Here again, yaml can, to some extend, deal with both but does not demand knowledge on the particular syntax for that if you dont need it as in the example above.

The following example has a wrapping new-line in the value of @command@ to avoid a long line. In the deserialized object that new-line is, along woth other whitespace araound it, replaced by a single blank.

lid: 3029
command: /usr/lib/xorg/Xorg :2 -audit 0 -auth
  /var/lib/gdm/:0.Xauth -nolisten tcp vt
  21994: /usr/lib/applets/netspeed

This is a hint that things quickly become more complicated for more particular demands. In the end yaml serves a lot of demands and alltogether is a rather complicated matter. But if come up with plain demands you will see yaml a as benign gear representing structured objects as redeable texts.

What about yaml with bash? Can we deserialize yaml-strings with bash and work with the outcome in our scripts? Is there a built-in or some other available functions that deal with the something complicated task of yaml-parsing?

By default bash does not complain if you call a variable to which no value has been assigned. Other languages instantly and permanently grump on any undefined variable. Bash lets you correct typos in var names when you want to do it.

For instance you can correct the following typo once you are really sure that was unintended

rm -rf $HOME/projects/$SUBDIRTMP 

provided that the script was not stored in-side $HOME/projects/.

This tolerant point of bash might be one reason why the rm command now has a --preserve-root switched on by default preventing you from accidentally calling rm -rf /.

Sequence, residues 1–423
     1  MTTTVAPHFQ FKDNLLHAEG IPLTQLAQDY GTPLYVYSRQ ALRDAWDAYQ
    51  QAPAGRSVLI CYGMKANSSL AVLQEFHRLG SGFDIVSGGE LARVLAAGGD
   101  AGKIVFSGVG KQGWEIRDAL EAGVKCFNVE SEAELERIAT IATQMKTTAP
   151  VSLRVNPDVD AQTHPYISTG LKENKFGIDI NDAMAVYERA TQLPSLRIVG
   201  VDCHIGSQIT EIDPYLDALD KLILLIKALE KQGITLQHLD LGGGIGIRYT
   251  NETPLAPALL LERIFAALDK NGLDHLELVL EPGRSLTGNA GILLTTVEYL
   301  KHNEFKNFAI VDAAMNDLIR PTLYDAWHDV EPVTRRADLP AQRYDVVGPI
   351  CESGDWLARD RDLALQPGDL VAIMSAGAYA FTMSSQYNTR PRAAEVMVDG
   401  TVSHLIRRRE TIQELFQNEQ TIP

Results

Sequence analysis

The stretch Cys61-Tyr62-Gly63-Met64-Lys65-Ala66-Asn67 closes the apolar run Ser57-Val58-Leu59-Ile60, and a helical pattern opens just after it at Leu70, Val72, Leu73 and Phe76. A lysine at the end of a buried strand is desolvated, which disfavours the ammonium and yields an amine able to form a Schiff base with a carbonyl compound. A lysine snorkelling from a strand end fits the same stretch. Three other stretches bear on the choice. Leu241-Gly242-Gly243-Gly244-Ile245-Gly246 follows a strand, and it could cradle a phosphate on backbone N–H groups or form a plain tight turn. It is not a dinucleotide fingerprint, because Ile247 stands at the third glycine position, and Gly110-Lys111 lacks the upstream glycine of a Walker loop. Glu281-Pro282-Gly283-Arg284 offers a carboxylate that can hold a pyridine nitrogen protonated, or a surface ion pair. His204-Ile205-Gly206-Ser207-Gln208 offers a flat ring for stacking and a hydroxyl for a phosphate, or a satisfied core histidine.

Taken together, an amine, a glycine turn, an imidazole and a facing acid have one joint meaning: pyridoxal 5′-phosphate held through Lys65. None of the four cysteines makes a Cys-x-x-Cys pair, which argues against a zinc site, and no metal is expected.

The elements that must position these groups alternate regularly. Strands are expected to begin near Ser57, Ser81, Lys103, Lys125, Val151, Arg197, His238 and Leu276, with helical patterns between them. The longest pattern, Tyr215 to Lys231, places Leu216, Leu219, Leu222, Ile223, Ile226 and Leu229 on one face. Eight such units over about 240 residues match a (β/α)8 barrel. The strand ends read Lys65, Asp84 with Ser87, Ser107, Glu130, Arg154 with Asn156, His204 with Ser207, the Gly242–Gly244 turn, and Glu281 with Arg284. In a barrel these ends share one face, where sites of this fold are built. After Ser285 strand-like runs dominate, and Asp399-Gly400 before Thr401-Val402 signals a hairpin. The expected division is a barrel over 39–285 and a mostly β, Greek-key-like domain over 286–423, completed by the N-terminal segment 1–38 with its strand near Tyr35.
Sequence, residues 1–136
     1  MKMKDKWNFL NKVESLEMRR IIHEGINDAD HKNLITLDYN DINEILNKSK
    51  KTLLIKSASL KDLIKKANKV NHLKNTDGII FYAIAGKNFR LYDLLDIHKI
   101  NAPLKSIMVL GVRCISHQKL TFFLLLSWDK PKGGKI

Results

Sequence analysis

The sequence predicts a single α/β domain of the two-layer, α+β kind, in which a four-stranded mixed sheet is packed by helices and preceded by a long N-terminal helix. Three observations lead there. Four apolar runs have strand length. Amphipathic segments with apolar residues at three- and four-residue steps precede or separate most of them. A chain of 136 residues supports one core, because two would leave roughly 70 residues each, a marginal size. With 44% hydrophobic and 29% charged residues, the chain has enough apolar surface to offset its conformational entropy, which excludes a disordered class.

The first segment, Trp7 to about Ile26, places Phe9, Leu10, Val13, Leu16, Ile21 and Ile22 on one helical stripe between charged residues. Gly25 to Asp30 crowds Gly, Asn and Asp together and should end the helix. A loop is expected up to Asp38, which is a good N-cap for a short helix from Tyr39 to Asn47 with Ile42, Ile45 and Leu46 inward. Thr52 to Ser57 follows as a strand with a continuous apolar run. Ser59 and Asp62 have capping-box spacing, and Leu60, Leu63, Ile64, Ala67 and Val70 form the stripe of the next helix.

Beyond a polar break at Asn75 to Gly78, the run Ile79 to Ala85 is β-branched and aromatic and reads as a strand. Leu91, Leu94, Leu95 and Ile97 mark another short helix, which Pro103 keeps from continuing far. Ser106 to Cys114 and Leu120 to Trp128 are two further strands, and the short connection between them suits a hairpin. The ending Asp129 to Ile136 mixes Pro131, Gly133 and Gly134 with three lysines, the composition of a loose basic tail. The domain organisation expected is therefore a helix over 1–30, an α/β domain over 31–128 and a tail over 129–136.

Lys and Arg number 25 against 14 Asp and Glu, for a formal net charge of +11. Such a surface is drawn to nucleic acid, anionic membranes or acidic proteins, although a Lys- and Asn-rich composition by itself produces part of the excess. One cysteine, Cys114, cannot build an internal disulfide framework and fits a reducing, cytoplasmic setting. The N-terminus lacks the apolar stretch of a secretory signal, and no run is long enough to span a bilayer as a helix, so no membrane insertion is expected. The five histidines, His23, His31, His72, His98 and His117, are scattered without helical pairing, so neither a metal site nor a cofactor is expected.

If you do not make typos you are ready for bash. If you do, consider putting set -u in the beginning of your script. It lets you fall back to a coward mode where any undefined var is complained.

Word splitting somehow includes trimming, e.g. removing leading and trailing whitespace.

$ X="        
bim bam   bom    "
$ echo A${X}A
A bim bam bom A

This is not exactly trimming, though.

  • If there is whitespace it is not replaced by nothing but by a single space.
  • Whitespace in the middle of the string is replaced too.

How do we trim? The answer can be found on

For other languages people quickly go over it with some answer like trim(), chasing after whatever distracting real world problems instead. For bash we explore possible solutions at rest. Or, we would if they let us do so.

Thank you for your interest in this question. Because it has attracted low-quality or spam answers that had to be removed, posting an answer now requires 10 reputation on this site (the association bonus does not count).

Spam was supposedly not the problem. highlights the “broken legacy misfeature” word splitting.

Before a bash command is executed the arguments are processed. After most of other processing is done, any argument containing whitespace is split into separate arguments, unless the whitespace is somehow protected. This is the word splitting feature and it is one big source of trouble.

Users tend to believe that in the line

cmd $A

there is a command with one argument. But in truth the number of arguments cannot be seen unless you know how the value of A was defined.

This is somehow unnecessary. Tcl is similar to bash as is does not really has types, uses polish notation, and variable are referenced by putting a $ in front of the variable name. But when you refer a variable in tcl you always get one value. If the value is a list and if you want pass its entries as separate arguments you have to split it up explicitly.

All together tcl solves the distinctions of whitespace that separates items and whitespace that belongs to items pretty well. The tcl way of solving it cannot be added to bash as it uses curly brackets that are, as any other brackets, already loaded with semantics in bash. Nonetheless, its strange that the prevailing scripting language affords to make people stumble on this issue.